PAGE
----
Met lots of great people; too many to list here, but particularly great conversations with Prodi, Rafael, and folks from PLOS (who I think Wiki should partner with more). And of course catching up with a lot of old friends as well. In particular, perhaps my conversation with Kragen will spur me to finish my long-incomplete essay on Sen and Stallman.
I also had a particularly great conversation with my oldest friend, Dan, about what a modern-day attribution looks like. Now that we’re no longer limited to static textual lists of authors, as we have done since the dawn of the book, what can we do? How do we scale to mega-collaborative documents (like the Harry Potter page) that have hundreds or thousands of authors? How do we make it more two-way, so that there is not just formal attribution but genuine appreciation flowing both ways (without, of course, creating new frictions)? The “thanks” feature we’ve added to Wikipedia seems one small way to do this; Dan spoke also of how retweets simultaneously attribute and thank. But both of those are in walled silos- how can we take them outside of that?
Saw a great talk on “Copyright Exceptions in the Arab World” pan-Arab survey; really drove home how fragmented copyright statutes can be globally. (Translation, in particular, seemed an important and powerful exception, though my favorite exception was for military bands.) Of course, the practical impact of this is nearly nil – many of the organizations that are in charge of administering these literally don’t know they exist, and of course most of the people using the copyrights in the culture not only don’t know, they don’t care.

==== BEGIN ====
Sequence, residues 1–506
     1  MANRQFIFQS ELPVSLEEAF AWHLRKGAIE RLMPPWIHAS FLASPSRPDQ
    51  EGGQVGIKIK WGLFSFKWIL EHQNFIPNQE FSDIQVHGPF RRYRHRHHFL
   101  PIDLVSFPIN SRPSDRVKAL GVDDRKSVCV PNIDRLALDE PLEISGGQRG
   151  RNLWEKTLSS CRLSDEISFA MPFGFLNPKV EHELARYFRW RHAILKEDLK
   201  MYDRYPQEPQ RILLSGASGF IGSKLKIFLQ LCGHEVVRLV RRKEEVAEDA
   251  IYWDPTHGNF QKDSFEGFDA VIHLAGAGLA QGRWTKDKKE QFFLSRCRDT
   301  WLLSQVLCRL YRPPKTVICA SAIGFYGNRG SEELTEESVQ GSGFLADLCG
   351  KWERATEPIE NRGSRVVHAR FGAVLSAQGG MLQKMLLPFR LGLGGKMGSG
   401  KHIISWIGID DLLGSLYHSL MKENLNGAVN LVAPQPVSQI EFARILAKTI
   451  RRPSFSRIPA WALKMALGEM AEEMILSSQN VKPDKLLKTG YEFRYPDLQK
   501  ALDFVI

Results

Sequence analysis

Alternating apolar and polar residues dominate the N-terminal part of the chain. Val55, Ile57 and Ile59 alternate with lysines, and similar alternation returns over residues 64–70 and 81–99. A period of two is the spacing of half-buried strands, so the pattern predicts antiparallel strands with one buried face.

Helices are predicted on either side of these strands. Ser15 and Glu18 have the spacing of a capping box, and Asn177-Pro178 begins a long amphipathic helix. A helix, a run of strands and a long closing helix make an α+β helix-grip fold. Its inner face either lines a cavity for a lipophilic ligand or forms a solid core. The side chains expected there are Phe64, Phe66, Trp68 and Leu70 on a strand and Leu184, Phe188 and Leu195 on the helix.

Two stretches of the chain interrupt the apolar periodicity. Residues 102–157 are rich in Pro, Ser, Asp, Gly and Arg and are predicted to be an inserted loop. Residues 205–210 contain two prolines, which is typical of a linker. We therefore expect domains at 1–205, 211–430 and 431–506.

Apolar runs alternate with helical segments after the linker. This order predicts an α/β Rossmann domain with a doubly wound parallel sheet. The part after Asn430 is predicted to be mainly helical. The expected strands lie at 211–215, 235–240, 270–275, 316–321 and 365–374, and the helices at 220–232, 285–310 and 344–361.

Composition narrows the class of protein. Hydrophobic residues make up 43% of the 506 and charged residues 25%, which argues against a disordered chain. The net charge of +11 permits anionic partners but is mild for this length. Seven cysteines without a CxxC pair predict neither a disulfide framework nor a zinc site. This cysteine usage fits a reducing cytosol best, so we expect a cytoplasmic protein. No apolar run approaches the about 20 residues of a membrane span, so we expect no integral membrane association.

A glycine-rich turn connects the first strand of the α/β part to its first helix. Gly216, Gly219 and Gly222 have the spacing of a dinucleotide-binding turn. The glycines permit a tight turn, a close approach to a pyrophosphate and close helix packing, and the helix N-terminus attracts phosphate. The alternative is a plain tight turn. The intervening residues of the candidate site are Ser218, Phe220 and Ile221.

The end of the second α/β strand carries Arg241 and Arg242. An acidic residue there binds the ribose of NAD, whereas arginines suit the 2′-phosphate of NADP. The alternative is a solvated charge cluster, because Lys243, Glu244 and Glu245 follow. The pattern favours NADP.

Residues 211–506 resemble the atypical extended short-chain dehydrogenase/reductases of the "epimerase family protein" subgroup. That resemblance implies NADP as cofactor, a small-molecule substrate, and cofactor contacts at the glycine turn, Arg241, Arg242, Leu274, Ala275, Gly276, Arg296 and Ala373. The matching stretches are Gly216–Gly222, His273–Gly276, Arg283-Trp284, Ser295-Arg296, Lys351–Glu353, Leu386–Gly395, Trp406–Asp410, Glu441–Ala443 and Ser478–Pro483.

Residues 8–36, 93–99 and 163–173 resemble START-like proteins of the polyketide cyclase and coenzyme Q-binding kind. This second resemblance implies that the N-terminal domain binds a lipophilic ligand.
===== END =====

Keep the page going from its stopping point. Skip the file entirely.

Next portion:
Beatriz Busaniche gave a nice talk; perhaps the most important single thing to me: a reminder that we should remember that even today most cultural communication takes place outside of (intentional) copyright.
Lessig is still Lessig; a powerful, clear, lucid speaker. We need more like him. In that vein, and after a late-night discussion about this exact topic, I remind speakers that before their next conference they should read Presentation Zen and Slideology.